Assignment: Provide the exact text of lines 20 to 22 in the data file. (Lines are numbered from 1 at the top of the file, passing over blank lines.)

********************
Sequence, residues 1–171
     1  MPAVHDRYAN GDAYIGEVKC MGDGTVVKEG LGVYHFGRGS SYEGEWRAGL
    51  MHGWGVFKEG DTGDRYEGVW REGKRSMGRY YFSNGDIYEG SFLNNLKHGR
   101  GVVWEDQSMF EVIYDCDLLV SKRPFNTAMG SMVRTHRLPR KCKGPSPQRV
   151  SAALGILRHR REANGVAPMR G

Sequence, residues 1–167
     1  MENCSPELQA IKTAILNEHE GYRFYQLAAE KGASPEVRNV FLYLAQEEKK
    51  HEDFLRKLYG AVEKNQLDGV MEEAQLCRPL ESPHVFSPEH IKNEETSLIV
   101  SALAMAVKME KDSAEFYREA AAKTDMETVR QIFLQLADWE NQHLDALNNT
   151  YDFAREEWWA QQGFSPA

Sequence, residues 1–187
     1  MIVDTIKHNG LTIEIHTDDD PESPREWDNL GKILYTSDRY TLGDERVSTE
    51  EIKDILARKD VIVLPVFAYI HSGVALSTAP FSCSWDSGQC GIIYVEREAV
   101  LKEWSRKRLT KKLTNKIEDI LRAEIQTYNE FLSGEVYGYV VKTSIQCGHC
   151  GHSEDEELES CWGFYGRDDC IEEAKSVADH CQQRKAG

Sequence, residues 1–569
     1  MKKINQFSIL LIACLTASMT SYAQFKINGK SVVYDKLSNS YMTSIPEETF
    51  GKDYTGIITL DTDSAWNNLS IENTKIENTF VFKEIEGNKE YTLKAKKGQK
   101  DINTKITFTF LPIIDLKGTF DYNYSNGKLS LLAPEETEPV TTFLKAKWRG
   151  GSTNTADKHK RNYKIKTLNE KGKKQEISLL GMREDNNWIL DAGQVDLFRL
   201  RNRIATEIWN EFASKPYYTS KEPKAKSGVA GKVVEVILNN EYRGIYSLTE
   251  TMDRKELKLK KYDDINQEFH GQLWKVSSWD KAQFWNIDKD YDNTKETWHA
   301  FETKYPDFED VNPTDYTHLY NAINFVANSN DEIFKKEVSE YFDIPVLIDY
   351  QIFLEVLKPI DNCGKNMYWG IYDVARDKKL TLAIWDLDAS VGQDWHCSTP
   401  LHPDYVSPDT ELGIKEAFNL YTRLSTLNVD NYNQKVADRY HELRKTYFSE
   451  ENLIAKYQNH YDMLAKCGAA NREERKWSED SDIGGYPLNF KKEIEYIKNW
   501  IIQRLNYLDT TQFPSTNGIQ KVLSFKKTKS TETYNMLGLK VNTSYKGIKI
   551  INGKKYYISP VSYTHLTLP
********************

   151  GSTNTADKHK RNYKIKTLNE KGKKQEISLL GMREDNNWIL DAGQVDLFRL
   201  RNRIATEIWN EFASKPYYTS KEPKAKSGVA GKVVEVILNN EYRGIYSLTE
   251  TMDRKELKLK KYDDINQEFH GQLWKVSSWD KAQFWNIDKD YDNTKETWHA